Credit Glasgow Film Festival

Glasgow Film Festival 2023: Riceboy sleeps

By Victoria Chang

A honest and heart-wrenching depiction of the Asian-Canadian Experience.

One of the listed influences of the Glasgow Film Festival is the Toronto International Film Festival (TIFF), as it tries to emulate their “‘festival of festivals’ supporting grassroots organizations […] with a focus on audiences”. It is no wonder that Glasgow is host to the UK premiere of Riceboy Sleeps: a film made by Asian-Canadian actor and director Anthony Shim, and the winner of TIFF’s 2022 Platform Prize. This heart-wrenching film is also nominated for Glasgow Film Festival’s Audience Award, which is voted on by audience members to highlight first or second-time filmmakers. 

Riceboy Sleeps focuses on the mother-son duo of So-Young and Dong-Hyun Kim, immigrating from South Korea to Canada in the 1990s. The first part, when Dong-Hyun is in elementary school and subsequently renamed David at the suggestion of his teacher, mainly concerns the rough reality of Asian immigrants adjusting to the Western world. The bullying, name-calling, and racist microaggressions are reminiscent of my own childhood and that of many other Asian-Canadians growing up in Canada in that time period. It is startling how real and truthful the story is, and the cinematography used by Shim makes you feel like you are a keen observer, slowly scanning the scene and absorbing all the pointed actions and words.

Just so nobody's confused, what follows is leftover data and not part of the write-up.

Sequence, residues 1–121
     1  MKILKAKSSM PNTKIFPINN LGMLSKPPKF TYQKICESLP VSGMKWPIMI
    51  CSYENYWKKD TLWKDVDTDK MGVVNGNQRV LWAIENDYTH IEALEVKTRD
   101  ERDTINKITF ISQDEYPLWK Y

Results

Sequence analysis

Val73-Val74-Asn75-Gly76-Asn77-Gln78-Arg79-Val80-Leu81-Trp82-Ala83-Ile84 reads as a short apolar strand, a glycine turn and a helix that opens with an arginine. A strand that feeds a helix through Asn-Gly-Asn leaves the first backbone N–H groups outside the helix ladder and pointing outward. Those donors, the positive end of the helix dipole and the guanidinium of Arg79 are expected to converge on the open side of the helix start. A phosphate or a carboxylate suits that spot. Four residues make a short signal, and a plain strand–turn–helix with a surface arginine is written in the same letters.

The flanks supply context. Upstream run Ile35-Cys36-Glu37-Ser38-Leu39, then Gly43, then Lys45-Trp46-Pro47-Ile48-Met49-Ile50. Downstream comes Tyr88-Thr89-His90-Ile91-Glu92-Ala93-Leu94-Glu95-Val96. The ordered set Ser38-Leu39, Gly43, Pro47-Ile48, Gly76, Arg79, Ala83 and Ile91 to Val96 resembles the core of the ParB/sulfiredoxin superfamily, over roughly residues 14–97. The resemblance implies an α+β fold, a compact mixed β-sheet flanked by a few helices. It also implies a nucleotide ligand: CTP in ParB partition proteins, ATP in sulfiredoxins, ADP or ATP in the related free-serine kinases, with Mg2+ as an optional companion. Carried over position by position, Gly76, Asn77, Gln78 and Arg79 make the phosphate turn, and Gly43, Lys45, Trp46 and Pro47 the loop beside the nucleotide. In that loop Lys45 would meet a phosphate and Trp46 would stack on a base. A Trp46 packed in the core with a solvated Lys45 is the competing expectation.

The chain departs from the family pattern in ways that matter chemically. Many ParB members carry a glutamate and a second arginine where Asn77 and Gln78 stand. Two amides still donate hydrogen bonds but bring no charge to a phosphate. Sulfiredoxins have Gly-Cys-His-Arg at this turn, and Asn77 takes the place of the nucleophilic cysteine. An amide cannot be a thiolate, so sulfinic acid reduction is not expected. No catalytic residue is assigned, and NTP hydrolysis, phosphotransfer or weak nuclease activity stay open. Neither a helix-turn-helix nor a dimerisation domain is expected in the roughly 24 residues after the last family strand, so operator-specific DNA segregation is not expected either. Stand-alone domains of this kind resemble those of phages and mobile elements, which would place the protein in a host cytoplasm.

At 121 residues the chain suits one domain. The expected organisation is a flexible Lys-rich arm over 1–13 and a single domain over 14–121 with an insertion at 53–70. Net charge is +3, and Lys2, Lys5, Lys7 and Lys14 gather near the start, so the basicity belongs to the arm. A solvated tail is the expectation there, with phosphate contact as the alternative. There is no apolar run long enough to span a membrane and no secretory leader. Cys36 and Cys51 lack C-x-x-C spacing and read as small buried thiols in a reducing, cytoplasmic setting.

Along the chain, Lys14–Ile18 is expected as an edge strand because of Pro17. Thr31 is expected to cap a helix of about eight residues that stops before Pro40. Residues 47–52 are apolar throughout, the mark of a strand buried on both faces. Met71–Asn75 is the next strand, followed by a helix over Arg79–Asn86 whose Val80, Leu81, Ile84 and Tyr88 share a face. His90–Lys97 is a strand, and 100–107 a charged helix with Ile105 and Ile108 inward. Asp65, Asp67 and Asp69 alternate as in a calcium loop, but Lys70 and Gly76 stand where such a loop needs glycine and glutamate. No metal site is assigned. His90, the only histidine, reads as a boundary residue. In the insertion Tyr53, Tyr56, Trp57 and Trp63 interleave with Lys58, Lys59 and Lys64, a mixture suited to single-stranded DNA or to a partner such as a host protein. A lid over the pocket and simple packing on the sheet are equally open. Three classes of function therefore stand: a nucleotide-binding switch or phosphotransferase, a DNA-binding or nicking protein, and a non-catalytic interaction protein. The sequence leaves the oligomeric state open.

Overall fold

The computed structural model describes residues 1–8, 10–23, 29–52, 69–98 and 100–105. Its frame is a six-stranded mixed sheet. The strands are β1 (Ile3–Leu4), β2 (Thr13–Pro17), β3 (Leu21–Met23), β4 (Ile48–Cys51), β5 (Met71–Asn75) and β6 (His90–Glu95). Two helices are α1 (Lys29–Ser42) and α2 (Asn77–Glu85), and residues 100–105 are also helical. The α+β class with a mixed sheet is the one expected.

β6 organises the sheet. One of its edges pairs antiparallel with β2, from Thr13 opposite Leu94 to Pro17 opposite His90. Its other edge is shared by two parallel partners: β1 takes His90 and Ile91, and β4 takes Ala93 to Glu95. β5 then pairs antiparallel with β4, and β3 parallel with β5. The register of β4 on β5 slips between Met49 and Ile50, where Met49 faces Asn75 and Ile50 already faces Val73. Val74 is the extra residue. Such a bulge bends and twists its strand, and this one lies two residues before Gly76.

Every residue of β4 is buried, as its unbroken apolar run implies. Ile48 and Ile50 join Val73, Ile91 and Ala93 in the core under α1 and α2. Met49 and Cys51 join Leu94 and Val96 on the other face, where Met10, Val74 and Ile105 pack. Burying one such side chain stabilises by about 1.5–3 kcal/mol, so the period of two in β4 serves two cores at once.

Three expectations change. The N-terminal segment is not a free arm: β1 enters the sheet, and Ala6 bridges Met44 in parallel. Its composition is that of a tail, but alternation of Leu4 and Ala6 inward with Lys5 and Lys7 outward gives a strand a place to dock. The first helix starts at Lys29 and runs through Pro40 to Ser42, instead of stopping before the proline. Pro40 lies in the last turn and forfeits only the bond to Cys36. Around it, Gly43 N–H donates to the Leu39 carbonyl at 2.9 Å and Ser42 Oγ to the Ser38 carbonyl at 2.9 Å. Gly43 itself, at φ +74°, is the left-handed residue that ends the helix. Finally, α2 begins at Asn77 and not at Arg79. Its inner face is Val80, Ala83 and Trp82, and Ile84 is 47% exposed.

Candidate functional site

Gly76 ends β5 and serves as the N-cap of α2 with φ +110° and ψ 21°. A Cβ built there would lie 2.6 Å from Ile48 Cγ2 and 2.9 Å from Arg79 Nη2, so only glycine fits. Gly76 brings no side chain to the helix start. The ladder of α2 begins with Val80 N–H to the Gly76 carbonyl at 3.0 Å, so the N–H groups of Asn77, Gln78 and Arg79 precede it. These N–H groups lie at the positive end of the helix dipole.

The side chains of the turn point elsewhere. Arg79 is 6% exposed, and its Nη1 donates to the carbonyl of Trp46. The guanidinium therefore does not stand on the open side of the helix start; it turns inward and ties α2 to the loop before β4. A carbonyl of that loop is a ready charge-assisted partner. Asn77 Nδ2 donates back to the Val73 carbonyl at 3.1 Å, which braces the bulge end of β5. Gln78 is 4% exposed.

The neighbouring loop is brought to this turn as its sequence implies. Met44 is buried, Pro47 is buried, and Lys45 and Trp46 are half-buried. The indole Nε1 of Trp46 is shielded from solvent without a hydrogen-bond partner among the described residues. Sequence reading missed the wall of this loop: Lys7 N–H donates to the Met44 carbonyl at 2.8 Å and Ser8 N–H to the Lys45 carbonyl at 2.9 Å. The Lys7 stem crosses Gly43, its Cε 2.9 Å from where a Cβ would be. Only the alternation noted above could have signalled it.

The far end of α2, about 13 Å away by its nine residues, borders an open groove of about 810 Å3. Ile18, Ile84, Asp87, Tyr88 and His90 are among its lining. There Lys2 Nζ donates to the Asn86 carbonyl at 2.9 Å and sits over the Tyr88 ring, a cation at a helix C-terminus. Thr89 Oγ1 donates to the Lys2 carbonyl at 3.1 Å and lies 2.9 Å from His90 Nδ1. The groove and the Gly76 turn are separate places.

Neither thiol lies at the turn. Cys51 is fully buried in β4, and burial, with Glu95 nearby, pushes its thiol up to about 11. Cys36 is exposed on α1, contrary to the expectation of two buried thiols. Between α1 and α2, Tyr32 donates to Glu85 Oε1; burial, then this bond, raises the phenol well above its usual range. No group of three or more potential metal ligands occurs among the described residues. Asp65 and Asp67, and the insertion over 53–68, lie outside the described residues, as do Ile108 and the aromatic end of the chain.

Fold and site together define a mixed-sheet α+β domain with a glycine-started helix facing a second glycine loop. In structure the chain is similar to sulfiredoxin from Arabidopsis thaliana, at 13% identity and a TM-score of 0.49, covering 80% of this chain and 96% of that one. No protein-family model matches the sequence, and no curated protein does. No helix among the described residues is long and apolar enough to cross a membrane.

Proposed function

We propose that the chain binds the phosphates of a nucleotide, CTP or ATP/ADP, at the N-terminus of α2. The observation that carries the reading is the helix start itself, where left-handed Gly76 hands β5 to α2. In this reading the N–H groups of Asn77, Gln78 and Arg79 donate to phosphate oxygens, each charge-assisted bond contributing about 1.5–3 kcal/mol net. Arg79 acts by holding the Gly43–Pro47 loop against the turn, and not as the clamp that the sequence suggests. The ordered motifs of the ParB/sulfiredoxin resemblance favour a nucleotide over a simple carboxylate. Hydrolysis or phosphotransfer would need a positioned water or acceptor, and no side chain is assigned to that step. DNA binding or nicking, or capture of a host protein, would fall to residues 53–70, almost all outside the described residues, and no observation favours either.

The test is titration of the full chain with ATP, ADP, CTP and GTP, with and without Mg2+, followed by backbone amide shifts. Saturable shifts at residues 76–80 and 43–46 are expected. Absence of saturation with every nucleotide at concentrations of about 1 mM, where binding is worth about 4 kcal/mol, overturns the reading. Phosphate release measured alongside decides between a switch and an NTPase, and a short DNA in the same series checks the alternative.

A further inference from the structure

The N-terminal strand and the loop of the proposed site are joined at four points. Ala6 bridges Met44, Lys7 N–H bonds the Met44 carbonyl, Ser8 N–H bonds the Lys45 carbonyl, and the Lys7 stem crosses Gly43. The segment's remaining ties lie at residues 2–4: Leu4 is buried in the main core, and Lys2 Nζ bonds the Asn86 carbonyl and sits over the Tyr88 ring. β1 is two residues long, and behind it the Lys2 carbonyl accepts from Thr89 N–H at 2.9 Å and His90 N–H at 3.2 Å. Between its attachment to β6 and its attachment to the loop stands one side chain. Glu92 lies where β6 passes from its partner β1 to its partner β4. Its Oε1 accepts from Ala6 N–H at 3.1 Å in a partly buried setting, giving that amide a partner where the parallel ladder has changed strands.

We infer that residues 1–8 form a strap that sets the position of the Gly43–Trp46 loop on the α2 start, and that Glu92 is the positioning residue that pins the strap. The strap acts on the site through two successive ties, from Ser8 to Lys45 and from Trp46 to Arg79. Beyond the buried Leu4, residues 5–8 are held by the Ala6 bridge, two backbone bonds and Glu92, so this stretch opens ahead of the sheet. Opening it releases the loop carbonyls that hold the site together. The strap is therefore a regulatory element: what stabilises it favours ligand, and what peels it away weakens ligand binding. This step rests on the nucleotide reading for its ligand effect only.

In this way, it could be considered a prelude to Lee Issac Chung’s Minari, as it focuses on the initial transition of a Korean family into a foreign country. (In Minari, the Korean family had already lived in California and Seattle before moving to Arkansas). However, the second part, where Dong-Hyun is now fifteen-years-old, bears a resemblance to Minari’s focus on family dynamics and how they endure under stress. A main theme in Riceboy Sleeps is So-Young as a single mother and the enduring absence of a husband and father figure in the household. It diverges from the warmheartedness of Minari by how isolated this mother and son seem from the outside world and from each other. The other characters often act as antagonists to the mother-son bond rather than supporting characters. 

So-Young also refuses to tell her son anything about his father, and as a consequence he struggles with his identity. It is fulfilling to then see the fullness in character as an individual and as a family come to fruition when So-Young returns to South Korea with Dong-Hyun. Shim also reflects this development in the story with a change in aspect ratio to 16:9 (widescreen format), from the previous 4:3 (square format) ratio of the previous two parts.  In the end, Shim’s film acts as a wonderful addition to the recent influx of South Korean talent into mainstream Western cinema, riding on the tails of his hero Bong Joon-Ho and his Oscar-winning work Parasite, as well as the aforementioned Minari. The hope is that this is an enduring trend towards diversity in modern filmmaking, and not just a passing pop-culture fad.


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